03:19 GMT +313 December 2019
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    Judge Sentences UK Senior Police Officer Over Child Abuse Video Her Sister Sent to Her on WhatsApp

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    The “stellar” career of one of Britain’s most senior black women police officers lies in ruins after a catastrophic “error of judgement”. The case highlighted the danger of sharing content on WhatsApp, no matter how well intentioned.

    Superintendent Robyn Williams has been given a community order and ordered to carry out 200 hours of unpaid work by a judge on Tuesday, 26 November, after being convicted of possessing a video of child sexual abuse.

    The Common Serjeant of London, Judge Richard Marks QC, said she had a “stellar career” in the Metropolitan Police and had been given many awards but she now faces the sack after 36 years in the force.

    'Serious Errors Of Judgment'

    ​Judge Marks said it was a “tragedy” she should find herself in an Old Bailey courtroom because of a catalogue of errors of judgement by her, her sister and her sister’s partner.

    Williams, 54, was at a gym class on Saturday 1 February 2018 when her sister, Jennifer Hodges, forwarded her a video via WhatsApp which showed a six-year-old girl performing oral sex on a man.

    The court heard Hodges, 56, was outraged by the content, which had been spotted in a WhatsApp group by her partner, Dido Massivi, 61, a bus driver, who was also aggrieved at it and hoped Williams would be able to investigate it.

    ​But Williams claimed she did not notice the video - the prosecution accept she never played it - until two days later when Hodges contacted her again after she was reported to the police by one of her WhatsApp contacts.

    Hodge had sent the video to her 17 WhatsApp contacts, with the caption: “Sorry had to send this it’s so sad that this person would put this out please post this and let’s hope he gets life.”

    Under the law, Williams had to prove she had a legitimate reason to have the video, had not seen it or had no reason to believe it was indecent.

    Judge Marks said the jury clearly did not believe Supt Williams’ evidence that the video was not mentioned when she spoke to her sister on the phone at 7pm on the Saturday evening.

    ​Supt Williams, who was honoured for her work after the Grenfell fire disaster, was acquitted of corruptly failing to report the image because she feared getting her sister into trouble.

    Hodge was also given a community order and ordered to carry out 100 hours of unpaid work while Massivi, who was convicted of distributing two indecent images and possessing an extreme image, was given an 18 months jail sentence, suspended for two years.

    Prosecutor Richard Wright QC, conceded the defendants had no sexual interest in the images but said “This is instead a case in which we allege that each of them made serious errors of judgment about how to handle this video and in dealing with it as they did, each of them has committed serious criminal offences.”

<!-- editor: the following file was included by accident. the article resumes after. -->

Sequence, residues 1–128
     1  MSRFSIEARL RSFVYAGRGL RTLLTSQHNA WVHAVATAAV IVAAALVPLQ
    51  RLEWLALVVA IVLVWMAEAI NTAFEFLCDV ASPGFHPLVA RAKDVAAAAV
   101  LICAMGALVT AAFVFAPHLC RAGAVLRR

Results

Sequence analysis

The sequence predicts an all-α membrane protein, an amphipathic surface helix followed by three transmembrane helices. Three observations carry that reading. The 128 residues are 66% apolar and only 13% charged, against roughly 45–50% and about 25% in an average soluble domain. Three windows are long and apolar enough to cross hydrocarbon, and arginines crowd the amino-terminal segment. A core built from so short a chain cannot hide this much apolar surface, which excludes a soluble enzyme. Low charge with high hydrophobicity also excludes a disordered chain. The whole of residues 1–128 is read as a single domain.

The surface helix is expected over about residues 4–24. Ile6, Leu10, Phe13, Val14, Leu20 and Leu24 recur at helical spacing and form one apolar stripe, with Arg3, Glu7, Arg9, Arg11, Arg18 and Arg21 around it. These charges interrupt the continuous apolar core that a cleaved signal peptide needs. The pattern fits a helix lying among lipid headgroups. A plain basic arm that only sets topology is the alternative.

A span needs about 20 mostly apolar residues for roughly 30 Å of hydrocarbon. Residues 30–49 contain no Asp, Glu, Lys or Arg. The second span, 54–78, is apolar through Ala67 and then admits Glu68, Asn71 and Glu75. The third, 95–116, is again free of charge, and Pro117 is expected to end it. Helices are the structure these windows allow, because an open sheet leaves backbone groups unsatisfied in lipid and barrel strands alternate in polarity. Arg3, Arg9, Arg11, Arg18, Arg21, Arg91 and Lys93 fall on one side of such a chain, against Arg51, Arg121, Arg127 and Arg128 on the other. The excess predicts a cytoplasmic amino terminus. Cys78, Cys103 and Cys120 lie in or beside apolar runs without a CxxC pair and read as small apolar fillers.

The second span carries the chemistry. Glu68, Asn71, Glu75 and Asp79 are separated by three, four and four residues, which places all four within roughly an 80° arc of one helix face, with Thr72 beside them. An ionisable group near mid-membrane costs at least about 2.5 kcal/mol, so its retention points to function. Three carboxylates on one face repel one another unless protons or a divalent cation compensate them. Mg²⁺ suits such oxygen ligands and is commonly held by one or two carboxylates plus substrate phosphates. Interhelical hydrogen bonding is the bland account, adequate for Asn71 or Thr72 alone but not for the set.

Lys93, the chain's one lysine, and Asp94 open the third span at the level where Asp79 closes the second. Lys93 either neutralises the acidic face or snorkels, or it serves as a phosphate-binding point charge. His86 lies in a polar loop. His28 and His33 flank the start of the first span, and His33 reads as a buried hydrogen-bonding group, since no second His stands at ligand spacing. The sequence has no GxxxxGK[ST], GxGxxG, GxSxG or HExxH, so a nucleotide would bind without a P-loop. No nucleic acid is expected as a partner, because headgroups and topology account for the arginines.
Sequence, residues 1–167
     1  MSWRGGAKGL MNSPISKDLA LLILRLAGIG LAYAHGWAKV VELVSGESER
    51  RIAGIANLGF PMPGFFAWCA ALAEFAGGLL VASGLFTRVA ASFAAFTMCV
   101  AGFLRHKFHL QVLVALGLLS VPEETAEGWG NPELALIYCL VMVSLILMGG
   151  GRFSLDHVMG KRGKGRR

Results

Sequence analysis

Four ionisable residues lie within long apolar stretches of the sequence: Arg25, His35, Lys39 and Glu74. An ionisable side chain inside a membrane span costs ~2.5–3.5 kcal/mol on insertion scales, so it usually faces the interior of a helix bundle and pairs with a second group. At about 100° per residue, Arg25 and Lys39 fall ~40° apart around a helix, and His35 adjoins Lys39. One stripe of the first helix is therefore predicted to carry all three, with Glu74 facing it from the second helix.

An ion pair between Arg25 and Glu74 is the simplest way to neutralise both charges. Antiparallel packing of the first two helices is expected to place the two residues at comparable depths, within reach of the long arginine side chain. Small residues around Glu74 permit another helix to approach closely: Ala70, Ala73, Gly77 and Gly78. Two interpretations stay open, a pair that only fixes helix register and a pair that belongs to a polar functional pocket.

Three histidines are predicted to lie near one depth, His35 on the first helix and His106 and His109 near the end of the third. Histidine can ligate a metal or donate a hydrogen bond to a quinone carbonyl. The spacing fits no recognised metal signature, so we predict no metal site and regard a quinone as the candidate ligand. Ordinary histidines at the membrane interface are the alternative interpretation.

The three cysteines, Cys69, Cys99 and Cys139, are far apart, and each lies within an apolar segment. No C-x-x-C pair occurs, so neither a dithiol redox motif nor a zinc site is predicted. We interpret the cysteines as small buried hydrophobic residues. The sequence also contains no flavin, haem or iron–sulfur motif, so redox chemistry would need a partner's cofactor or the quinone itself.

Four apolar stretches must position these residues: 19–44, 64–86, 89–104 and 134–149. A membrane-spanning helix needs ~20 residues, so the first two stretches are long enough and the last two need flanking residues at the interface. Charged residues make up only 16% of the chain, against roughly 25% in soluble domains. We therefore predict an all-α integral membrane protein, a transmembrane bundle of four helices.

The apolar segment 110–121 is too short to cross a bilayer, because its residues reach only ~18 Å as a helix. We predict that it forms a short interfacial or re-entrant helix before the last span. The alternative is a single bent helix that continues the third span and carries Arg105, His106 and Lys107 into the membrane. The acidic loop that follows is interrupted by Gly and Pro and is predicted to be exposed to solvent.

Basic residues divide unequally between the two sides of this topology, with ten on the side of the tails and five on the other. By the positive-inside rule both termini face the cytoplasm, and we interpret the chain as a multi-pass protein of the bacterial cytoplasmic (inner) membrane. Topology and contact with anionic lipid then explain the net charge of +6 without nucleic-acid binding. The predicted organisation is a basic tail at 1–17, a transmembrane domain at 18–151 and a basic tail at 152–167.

Massivi’s defence counsel, Lefi Siatta, said her client had been fired from his job as a bus driver after being charged and had fallen into a deep depression after his partner and her sister were charged.

    “He has lost weight. He is very low. He is diminished because he feels responsible for ruining his sister-in-law’s career and her life, aswell as his partner’. He used to be a chirpy, easygoing individual but as a result of this case he had diminished considerably and feels responsible for the damage he feels he has done,” said Ms Siatta.

    Hodge’s defence barrister, Andrea Brown, said her client had lost her job working with mentally and physically handicapped young people for the charity Scope and was also suffering from depression.

    Ms Brown said: “Her actions on 1 February have effectively destroyed her relationship with her sister, who was her only family.”

    Ms Williams’ counsel, Anesta Weekes QC, said her client’s abiding emotion is one of “devastation” for the child in the video.

    “She remains devastasted for the plight of that child. It’s an understatement to say that she is devastated to be in this courtroom but, as you can see from the public gallery, many people stand by her and support her,” said Ms Weekes.

    Ms Weekes said her client was almost certain to lose her job with the Metropolitan Police as a result of her conviction.

    It is understood police are still investigating the source of the video, which Massivi said he saw in a bus drivers' WhatsApp group.

    Deputy Assistant Commissioner Matthew Horne said: “The Independent Office for Police Conduct is carrying out an independent misconduct investigation into the actions of Supt Williams and we await the outcome. Supt Williams remains on restricted duties at this stage. This will be reviewed now criminal matters are complete.

    Tags:
    Old Bailey, child abuse, WhatsApp, Metropolitan Police
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